Behind the Painting: The Young Artists of the Mayor’s Art Show 2020

By Abby Boerwinkle, senior at North Olmsted High School

Our wonderful North Olmsted Arts Commission has been given the task of integrating the community and bringing entertainment and culture to the residents who are happy to call it home. It has once again has outdone itself by hosting the annual Mayor’s Art Show, and this year, we can expect a multitude of original artwork created by the talented students attending North Olmsted High School. The show will be displaying the best of their work that they’ve spent countless time and effort creating through the various art classes offered at the school. As an artist with work in the show and as a student currently enrolled in those classes myself, I can guarantee that taking a look around the gallery is definitely worth a drive up to Old Town Hall. The city has made many renovations to the historic building just for this event so the students could display their work in a building that reflected the allure of their work. Even those who aren’t big art enthusiasts can find something to enjoy as the updated building will be open to the public for the first time. No matter if it’s for the large collection of student artwork or for the love of historic structures, we hope to see a large wave of people attending the show.

One of the things I like most about art is that anything can be considered art and there are many ways to make it. Whether it be paintings, photography or ceramics, all types of media have something to bring to the world art. The Mayor’s Art Show strives to display this diversity in creativity and show the public what the young adults of this city are capable of. Several works to be displayed in the show have been in previous shows before. Weeks ago, select students had their work in the Scholastic Art Show at the Cleveland Institute of Art. A senior peer of mine, Zoe Johnson, and I both won prestigious awards for our work, which will also be displayed in this show. Needless to say, the quality of the student’s work is nothing short of exemplary.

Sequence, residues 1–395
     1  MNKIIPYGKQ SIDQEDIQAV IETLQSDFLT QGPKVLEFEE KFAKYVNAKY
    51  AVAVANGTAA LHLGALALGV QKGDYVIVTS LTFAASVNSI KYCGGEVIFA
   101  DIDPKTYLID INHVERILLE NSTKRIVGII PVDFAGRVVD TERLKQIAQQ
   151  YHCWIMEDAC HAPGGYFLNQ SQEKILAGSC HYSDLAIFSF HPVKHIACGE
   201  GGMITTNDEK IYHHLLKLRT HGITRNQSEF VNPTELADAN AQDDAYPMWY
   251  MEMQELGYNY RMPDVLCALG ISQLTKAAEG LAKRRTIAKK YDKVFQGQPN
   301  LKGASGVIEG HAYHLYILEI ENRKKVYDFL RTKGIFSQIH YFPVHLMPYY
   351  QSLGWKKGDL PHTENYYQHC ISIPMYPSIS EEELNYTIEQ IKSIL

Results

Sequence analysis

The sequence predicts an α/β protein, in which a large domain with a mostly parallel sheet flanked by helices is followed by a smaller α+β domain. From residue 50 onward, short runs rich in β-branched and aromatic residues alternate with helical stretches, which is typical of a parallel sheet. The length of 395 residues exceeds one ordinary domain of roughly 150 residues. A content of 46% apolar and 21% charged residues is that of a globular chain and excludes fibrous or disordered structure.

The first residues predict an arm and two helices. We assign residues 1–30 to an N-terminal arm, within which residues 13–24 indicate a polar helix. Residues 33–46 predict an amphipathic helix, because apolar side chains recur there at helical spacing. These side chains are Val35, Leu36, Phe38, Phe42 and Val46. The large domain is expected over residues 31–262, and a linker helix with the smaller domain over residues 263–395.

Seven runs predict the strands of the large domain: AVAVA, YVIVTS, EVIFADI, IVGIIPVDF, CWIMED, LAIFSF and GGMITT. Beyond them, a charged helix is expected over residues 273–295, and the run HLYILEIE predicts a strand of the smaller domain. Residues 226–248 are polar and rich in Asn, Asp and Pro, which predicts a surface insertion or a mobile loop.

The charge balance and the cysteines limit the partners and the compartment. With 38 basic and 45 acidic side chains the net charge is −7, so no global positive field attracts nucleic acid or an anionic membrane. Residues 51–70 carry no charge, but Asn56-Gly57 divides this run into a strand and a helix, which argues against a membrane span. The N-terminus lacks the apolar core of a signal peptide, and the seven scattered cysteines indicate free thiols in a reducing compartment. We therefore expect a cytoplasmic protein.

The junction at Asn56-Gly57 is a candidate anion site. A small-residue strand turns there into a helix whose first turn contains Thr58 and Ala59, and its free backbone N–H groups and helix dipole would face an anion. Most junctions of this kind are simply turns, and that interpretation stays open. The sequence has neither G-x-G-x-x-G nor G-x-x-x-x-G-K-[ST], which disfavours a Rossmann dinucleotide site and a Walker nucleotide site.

Though many of the pieces may share similar qualities, no two are alike. A basic project the ceramics students are tasked with is the construction of a vase, but because there is such a wide variety of skill levels and imagination, each vase has its own redeeming qualities. As you walk around the gallery, take some time to look for Jessica Hogan’s “Phases” and Zoe Johnson’s “Bertha!”. Both are beautifully constructed vases but each one is a little bit different in shape, color and size. These differences are what make each piece artistic, and the entire gallery worth exploring.

Behind the artwork lies a creator with a story and an inspiration. Each artist being showcased has their own journey and their own reasoning behind their creations. Some seek inspiration from their feelings and others from important people in their lives. Artist Julia Becerra, creator of “Box of Sunshine,” was heavily influenced by her loving relationship with her mother and all of the quality time they spent together. Her work serves as a memorial to her mother, who loved sunflowers and singing along to Beatles with her daughter. Her story proves that there is much more to everything in the show than meets the eye.

Looking closer, take note of the extreme amount of detail put into each piece. Think of the time it took to make them. It’s no secret that artistry isn’t easy, and each artist faces a multitude of problems of their own. Take the words of senior Melanie Carrocia, creator of “Constricted,” for instance. When sculpting her mask, she encountered several unforeseen obstacles that she had to account for in sculpting the mask. Detail and shape are things that everyone expects an artist to worry about, but something most don’t think about is the logistics of the project. For Melanie, there was the risk of her piece exploding in the kiln either because of air pockets or thick layers of clay. To prevent this, she had to be very cautious as to scrape the inside layers of her mask to ensure the piece would survive the kiln.

Art has the ability to bring a community together, not only into the same room but as an accumulation of various social groups with a common interest. If you take a closer look behind the artistry, you’ll find an artist with a story much like your own. Perhaps you may find a bit of yourself hidden within one of the many wonderful pieces displayed in the Mayor’s Art Show. You may even discover something you’ve never seen before. Either way, this is a spectacle you wouldn’t want to miss.

CITY of NORTH OLMSTED
5200 Dover Center Road
North Olmsted, OH 44070

City Hall Hours | Weekdays 8:00 AM to 4:30 PM

(440) 777-8000